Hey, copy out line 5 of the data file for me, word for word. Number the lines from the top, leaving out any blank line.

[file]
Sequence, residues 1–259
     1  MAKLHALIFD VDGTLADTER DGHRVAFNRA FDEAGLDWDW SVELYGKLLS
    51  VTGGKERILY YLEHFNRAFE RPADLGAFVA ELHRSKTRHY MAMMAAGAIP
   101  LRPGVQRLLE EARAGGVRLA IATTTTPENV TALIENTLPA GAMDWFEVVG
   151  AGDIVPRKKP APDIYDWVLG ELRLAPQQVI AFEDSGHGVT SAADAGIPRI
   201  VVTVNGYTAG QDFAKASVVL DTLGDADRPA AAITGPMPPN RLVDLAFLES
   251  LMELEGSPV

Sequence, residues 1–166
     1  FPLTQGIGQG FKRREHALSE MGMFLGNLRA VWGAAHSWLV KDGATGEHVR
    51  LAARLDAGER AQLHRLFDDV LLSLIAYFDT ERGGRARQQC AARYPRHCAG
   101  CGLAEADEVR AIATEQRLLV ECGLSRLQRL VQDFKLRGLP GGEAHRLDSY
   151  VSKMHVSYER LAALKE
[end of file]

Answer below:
   151  AGDIVPRKKP APDIYDWVLG ELRLAPQQVI AFEDSGHGVT SAADAGIPRI